noncentral chi-square distribution \sum_1^k \left(\frac{X_i}{\sigma_i}\right)^2
chi distribution \sqrt{\sum_1^k \left(\frac{X_i-\mu_i}{\sigma_i}\right)^2}
noncentral chi distribution \sqrt{\sum_1^k \left(\frac{X_i}{\sigma_i}\right)^2}
Bvn-small Probability distributions [[[:Template:Tnavbar-plain-nodiv]]]
Univariate Multivariate
Discrete: BernoullibinomialBoltzmanncompound PoissondegeneratedegreeGauss-Kuzmingeometrichypergeometriclogarithmicnegative binomialparabolic fractalPoissonRademacherSkellamuniformYule-SimonzetaZipfZipf-Mandelbrot Ewensmultinomial
Continuous: BetaBeta primeCauchychi-squareDirac delta functionErlangexponentialexponential powerFfadingFisher's zFisher-TippettGammageneralized extreme valuegeneralized hyperbolicgeneralized inverse GaussianHotelling's T-squarehyperbolic secanthyper-exponentialhypoexponentialinverse chi-squareinverse gaussianinverse gammaKumaraswamyLandauLaplaceLévyLévy skew alpha-stablelogisticlog-normalMaxwell-BoltzmannMaxwell speednormal (Gaussian)ParetoPearsonpolarraised cosineRayleighrelativistic Breit-WignerRiceStudent's ttriangulartype-1 Gumbeltype-2 GumbeluniformVoigtvon MisesWeibullWigner semicircle DirichletKentmatrix normalmultivariate normalvon Mises-FisherWigner quasiWishart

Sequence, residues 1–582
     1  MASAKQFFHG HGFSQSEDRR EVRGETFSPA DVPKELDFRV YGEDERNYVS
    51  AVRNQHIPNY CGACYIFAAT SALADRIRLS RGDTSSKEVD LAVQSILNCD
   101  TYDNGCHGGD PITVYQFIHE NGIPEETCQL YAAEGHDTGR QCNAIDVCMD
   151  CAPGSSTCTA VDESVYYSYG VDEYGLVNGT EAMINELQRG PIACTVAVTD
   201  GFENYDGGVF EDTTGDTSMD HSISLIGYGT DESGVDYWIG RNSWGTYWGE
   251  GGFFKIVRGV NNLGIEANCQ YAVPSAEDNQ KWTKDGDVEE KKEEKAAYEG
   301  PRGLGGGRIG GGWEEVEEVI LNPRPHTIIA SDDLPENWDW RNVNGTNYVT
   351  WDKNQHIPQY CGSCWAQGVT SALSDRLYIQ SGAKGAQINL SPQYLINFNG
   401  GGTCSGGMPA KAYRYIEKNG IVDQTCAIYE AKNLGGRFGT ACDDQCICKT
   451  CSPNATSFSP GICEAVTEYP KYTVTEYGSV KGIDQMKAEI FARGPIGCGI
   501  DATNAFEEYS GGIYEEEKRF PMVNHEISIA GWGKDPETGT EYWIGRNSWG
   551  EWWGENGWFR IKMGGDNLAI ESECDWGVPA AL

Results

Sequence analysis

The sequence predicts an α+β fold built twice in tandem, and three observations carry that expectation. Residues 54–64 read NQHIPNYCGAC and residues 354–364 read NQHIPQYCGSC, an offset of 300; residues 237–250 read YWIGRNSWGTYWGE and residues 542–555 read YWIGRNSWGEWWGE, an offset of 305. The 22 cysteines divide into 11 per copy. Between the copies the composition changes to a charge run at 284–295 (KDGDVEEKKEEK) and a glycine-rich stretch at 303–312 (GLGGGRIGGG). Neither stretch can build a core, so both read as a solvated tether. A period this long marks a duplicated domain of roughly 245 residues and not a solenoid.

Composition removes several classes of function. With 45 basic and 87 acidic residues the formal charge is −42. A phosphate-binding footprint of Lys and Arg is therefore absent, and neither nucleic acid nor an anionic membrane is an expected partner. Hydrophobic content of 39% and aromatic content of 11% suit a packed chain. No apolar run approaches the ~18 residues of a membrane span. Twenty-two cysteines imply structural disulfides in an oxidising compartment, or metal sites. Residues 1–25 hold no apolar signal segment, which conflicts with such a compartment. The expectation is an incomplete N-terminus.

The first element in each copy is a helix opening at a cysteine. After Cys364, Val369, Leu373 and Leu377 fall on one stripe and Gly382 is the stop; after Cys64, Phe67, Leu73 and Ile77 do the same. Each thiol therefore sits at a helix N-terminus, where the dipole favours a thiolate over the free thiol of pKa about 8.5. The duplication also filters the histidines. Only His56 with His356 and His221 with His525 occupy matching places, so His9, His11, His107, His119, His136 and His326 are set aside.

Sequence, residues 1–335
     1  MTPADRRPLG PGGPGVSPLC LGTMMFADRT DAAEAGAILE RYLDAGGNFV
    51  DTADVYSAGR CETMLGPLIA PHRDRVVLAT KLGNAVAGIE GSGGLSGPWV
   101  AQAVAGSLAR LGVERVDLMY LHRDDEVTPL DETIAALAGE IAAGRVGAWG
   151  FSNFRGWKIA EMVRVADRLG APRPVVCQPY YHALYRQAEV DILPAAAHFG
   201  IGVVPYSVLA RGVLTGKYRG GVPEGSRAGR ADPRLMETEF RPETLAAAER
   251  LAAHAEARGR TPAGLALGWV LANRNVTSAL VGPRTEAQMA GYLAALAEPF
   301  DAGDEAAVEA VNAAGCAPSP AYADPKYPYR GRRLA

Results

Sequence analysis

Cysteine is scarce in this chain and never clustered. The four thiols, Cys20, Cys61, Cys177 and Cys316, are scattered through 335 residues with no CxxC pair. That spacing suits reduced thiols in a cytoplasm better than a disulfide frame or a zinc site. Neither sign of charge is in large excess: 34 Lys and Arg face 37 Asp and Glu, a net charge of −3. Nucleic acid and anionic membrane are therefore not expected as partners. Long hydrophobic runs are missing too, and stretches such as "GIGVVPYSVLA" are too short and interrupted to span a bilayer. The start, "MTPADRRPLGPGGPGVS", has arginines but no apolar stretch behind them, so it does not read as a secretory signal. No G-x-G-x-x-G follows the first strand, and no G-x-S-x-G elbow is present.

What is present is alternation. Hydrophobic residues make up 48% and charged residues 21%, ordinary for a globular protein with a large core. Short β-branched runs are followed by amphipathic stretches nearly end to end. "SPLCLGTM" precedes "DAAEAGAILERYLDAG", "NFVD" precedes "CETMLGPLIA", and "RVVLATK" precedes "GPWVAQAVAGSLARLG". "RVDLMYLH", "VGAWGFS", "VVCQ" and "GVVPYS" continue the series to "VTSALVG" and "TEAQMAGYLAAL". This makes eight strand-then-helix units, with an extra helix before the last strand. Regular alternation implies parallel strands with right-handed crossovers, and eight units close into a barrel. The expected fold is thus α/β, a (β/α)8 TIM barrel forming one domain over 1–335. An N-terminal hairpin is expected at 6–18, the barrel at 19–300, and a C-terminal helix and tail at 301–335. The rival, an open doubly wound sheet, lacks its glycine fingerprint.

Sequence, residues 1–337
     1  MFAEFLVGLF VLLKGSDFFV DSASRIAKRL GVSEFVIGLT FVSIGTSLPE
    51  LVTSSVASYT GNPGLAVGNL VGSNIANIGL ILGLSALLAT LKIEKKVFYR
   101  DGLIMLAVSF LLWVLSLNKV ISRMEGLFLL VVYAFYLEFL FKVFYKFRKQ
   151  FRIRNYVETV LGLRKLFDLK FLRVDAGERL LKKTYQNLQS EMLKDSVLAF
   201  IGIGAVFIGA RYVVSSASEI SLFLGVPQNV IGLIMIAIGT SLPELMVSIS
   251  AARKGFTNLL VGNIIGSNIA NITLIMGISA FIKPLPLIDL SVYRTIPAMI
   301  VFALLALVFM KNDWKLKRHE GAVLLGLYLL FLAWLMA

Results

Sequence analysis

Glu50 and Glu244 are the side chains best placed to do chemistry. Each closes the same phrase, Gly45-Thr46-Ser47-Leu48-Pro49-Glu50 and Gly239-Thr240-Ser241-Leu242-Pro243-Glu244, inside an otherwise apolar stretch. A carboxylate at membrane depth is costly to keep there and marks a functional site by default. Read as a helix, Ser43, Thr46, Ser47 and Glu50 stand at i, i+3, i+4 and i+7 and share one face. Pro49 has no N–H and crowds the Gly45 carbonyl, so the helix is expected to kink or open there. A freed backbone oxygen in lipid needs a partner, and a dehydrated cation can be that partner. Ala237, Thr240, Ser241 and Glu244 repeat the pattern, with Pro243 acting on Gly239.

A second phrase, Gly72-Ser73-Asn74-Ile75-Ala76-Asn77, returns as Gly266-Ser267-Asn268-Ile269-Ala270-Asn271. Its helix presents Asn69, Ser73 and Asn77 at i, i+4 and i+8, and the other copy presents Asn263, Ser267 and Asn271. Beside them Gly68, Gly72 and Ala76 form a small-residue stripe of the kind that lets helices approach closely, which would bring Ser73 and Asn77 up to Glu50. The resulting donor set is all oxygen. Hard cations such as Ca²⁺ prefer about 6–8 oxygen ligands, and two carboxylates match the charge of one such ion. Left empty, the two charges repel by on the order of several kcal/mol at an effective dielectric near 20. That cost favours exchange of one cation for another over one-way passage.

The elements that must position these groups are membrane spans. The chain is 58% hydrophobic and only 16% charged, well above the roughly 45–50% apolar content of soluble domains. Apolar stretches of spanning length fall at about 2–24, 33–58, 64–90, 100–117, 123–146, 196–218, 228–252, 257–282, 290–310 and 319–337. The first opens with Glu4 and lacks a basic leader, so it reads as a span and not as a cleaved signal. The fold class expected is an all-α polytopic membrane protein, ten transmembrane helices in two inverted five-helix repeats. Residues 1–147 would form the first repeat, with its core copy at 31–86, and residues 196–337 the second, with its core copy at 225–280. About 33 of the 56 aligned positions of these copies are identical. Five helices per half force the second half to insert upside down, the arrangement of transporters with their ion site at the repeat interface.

Miscellaneous: Cantorconditionalexponential familyinfinitely divisiblelocation-scale familymarginalmaximum entropy phase-typeposterior priorquasisampling


  • Abramowitz, M. and Stegun, I.A. (1972), Handbook of Mathematical Functions, Dover. Section 26.4.25.
  • Johnson, N. L. and Kotz, S., (1970), Continuous Univariate Distributions, vol. 2, Houghton-Mifflin.

Related Links Edit

This distribution (and many others) is available in the free interactive statistical tables program, STATTAB. The cumulative distribution function, its inverse, and parameters of the distribution can be calculated with these packages. A free Fortran library for these distributions is in CDFLIB. The URL for download is [1]

This page uses Creative Commons Licensed content from Wikipedia (view authors).

Ad blocker interference detected!

Wikia is a free-to-use site that makes money from advertising. We have a modified experience for viewers using ad blockers

Wikia is not accessible if you’ve made further modifications. Remove the custom ad blocker rule(s) and the page will load as expected.